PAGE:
Measuring Particulate Matter

The PocketLab Air PM sensor uses the principle of laser scattering to count the particles in the air.


Background Information on Particulate Matter

Particulate matter consists of small particles suspended in the atmosphere. Dust, pollen, sea salt, soil particles, mold, soot, smoke, and other fine substances create a mixture of particulate matter that we inhale with every breath. According to the EPA, particulate matter greater than 10 micrometers is generally filtered away in our nose and throat. Particulates less than 10 micrometers can often pass into the lungs. The smaller the particle size, the farther it can move into the cardiovascular system and cause serious health concerns. 

Inhalable coarse particles (PM 10)

Diameter: 2.5 micrometers - 10 micrometers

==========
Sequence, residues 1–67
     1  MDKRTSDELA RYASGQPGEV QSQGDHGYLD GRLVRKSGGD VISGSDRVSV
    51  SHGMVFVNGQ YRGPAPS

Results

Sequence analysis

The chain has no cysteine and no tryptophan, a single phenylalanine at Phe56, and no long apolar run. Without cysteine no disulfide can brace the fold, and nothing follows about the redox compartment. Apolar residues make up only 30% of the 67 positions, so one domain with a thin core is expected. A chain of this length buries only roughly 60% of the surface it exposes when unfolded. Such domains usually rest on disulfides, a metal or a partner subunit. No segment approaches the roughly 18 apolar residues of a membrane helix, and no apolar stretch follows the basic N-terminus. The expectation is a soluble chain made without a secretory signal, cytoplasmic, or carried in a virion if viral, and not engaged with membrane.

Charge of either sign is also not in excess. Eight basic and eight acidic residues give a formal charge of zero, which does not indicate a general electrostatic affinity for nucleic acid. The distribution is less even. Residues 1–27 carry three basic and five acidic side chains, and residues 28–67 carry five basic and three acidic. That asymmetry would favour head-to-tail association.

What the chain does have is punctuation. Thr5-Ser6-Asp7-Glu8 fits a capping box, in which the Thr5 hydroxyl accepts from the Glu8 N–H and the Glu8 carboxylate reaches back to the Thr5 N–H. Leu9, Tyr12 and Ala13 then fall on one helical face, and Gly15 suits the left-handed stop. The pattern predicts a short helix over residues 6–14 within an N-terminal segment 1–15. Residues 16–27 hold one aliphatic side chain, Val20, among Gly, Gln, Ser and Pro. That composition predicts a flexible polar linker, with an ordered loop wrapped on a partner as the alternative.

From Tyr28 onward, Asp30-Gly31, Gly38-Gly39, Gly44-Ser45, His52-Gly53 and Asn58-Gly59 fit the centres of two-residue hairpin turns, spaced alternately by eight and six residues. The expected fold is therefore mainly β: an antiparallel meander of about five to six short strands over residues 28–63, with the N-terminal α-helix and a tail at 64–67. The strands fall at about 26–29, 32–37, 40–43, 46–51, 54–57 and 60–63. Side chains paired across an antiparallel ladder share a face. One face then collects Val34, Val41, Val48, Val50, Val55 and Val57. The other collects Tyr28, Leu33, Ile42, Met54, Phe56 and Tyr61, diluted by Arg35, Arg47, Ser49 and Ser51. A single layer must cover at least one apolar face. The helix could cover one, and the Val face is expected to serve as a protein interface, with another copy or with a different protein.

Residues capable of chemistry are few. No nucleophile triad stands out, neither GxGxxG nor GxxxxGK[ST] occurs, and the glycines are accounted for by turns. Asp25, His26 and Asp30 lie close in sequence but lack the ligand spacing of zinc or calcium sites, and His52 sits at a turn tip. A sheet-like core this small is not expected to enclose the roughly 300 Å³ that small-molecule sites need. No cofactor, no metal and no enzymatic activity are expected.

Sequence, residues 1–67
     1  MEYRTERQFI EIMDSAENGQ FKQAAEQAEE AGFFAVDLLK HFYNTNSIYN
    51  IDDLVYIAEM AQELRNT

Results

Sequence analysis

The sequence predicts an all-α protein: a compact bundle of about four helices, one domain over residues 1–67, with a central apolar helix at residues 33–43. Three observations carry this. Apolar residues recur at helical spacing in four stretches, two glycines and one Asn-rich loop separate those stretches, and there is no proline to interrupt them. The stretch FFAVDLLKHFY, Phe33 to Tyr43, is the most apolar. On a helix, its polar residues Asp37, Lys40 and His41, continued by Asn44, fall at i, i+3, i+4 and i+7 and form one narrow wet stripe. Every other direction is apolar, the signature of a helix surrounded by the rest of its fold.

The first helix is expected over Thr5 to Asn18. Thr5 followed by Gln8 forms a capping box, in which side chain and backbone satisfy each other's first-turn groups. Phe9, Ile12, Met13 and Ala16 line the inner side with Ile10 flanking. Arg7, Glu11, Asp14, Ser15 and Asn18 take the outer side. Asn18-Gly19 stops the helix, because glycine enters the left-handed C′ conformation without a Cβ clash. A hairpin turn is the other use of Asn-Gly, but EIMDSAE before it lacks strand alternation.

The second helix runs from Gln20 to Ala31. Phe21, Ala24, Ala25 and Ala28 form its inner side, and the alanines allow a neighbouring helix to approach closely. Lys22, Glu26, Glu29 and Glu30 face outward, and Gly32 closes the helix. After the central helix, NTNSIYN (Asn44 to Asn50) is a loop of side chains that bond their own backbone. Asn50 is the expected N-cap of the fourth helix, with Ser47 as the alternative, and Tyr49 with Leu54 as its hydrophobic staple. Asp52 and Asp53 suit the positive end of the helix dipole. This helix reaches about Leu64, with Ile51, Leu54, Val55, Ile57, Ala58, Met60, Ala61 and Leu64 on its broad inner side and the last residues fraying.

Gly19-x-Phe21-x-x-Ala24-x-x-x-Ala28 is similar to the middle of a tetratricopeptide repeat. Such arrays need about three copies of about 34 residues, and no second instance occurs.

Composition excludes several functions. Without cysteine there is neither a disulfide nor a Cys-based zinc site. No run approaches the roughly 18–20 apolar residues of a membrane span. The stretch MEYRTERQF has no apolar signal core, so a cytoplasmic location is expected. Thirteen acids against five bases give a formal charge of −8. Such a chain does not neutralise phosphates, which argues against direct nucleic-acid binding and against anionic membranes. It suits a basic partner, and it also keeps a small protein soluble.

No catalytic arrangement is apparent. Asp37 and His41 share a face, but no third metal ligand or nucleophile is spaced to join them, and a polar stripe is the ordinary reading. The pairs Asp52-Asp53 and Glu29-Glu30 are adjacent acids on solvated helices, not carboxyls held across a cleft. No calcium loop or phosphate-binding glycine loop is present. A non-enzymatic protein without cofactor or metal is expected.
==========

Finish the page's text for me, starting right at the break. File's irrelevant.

Emission sources: fossil fuel combustion, dust from construction and other industrial sites, larger particles from wildfires and brush burning, and pollen 

Fine Particles (PM 2.5 and PM 1.0)

Diameter: 2.5 micrometers and smaller
Emission sources: fossil fuel combustion (gasoline, oil, diesel fuel), particles in smoke from wildfires, particles formed when pollutants from industries and cars react in the atmosphere.

PM Diagram

How does the PocketLab Air measure PM?

The PM sensor operates through the following method:

  • A laser diode shines a light beam through a cavity.
  • A fan draws air into the cavity with fine dust particles suspended in the air.
  • As the laser beam shines through the air, the dust particles deflect or scatter some of the laser light.
  • A light sensor, called a photodiode, measures how much laser light is transmitted through the cavity and how much is scattered by the dust particles.
  • The microprocessor in the sensor converts the light measurements into dust concentration measurements, using a process called Mie scattering theory (named after German physicist Gustav Mie).

pm sensor diagram